Light is massless, electromagnetic (EM) radiation. As such, visible light has many of the same properties as other EM radiation, such as radio waves. One such attribute is their polarization state, which is the orientation of the wave.

Photon Polarization

Propagation of an EM wave

Electromagnetic radiation is a moving sinusoidal electric and magnetic field. The electric field oscillates orthogonally to the velocity, and the magnetic field oscillates orthogonally to both the velocity and the electric field. The magnitude of electric and magnetic fields are proportional to each other, such that B = µ0e0cE. Each photon is polarized in the direction of the electric field. The energy of the wave is given by the Poynting Vector which states that the energy of the wave is proportional to E x B. Since B is proportional to E, the energy of the wave is proportional to E2. The energy of the wave is also known as the intensity (I) of the light.[1]

A linear polarizer removes the electric field orthogonal to the axis of polarization

Linear Filters

There are two general categories of linear polarizers: Absorptive and Beam-Splitting. An easy conceptual filter is a fine wire-grid. The component of the electric field parallel to the wires induces a current in the wires, which cancels the field. The component orthogonal to the wires doesn't induce a current, so the field remains unchanged. This means, for light polarized with angle θ relative to the axis of the polarizer, the electric field of the resultant light is E0cosθ. Since intensity is proportional to E2, I=I0cos2θ. This is known as Malus' law. This property can be used to regulate the intensity of the light from a constant polarized source.

Light from most sources, like the sun and lightbulbs, are unpolarized. This means not that each photon is unpolarized, but that the polarization of each photon is random, which means that the light as a whole has no polarization. After passing through a linear filter, the intensity of the light is halved. This is because the average value of cos2θ is 1/2.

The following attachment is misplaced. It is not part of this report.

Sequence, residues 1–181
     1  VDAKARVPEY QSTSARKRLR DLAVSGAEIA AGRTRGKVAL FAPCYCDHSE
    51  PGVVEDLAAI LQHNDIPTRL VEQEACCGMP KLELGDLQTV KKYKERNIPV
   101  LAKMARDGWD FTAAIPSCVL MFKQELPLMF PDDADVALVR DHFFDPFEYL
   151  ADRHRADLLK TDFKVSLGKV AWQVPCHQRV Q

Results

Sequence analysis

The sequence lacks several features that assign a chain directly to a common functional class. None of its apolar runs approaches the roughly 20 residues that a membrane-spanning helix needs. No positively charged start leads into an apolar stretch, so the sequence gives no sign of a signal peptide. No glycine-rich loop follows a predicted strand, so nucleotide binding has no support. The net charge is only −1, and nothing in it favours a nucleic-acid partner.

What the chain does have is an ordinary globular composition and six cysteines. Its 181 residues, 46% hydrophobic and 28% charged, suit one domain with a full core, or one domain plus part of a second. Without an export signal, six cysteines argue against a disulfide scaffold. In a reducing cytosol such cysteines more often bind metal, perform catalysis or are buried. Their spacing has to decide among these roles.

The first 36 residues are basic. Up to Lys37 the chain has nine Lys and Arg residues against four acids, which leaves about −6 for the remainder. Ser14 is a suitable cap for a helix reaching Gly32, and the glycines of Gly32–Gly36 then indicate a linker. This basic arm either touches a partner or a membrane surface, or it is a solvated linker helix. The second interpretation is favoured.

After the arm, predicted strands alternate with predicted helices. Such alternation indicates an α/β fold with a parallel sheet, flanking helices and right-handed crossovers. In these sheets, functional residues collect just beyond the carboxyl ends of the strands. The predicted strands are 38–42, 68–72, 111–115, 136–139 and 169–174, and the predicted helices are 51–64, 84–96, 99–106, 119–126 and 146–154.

One problem is that with only one filter it is impossible to twist the polarization by 90˚ (because cos(π/2)=0.) However, with a series of filters, it is possible to twist the polarization by 90˚. With two filters, the light retains 1/4 of its intensity. The maximum intensity of light twisted 90˚ by n filters is:

For example, with 5 filters, the maximum intensity is .605I0; with 20 filters the maximum intensity is .884I0. Actual filters do not achieve the theoretical throughput of the ideal filter though, so the actual intensity is less.[2]

Circularly Polarized light

Circular Filters

The speed of light varies by the refractive index of a material; for example the speed of light is 200,000 km/s through glass as opposed to 300,000 km/s in a vacuum. Some materials have different refractive indecies for horizontal and vertical polarization. If polarized light is shone on the material, the horizontal and vertical components will be out of phase on the other side. By cutting the material to the correct width, the phase shift between the axes is such that the electric field will vary in a helical pattern. This can produce either counter-clockwise or clockwise circularly polarized light. These are called quarter-wave plates.[3]


The angle which the liquid crystals (LCs) turn to determines the brightness of the pixel


If you look closely at your screen, you should notice that the picture is a large array of colored squares arranged in a grid. Each square, or 'pixel', has its own distinct color. This color is the combination of red, green, and blue light each in various intensities. These primary colors can reproduce any color which the human eye can see, because our eyes are trichromatic. In other words, they approximate specific wavelengths of light by analyzing the intensity of each of three color channels. Displays make use of this shortcoming by only displaying three wavelengths which selectively target each type of receptor.

Various arrangements of subpixels

Liquid Crystal Displays (LCDs) have a backlight which evenly illuminates the entirety of the screen. In each pixel, there are three 'subpixels' which tint the backlight red, green, or blue. To vary the intensity of each subpixel, the LCD first polarizes the light before being tinted by the subpixel. After the tinting, there is a Liquid Crystal (LC) layer followed by a polarization filter orthogonal to the first filter. With the LC turned off, no light passes through because the back and front filters are turned 90˚ from each other.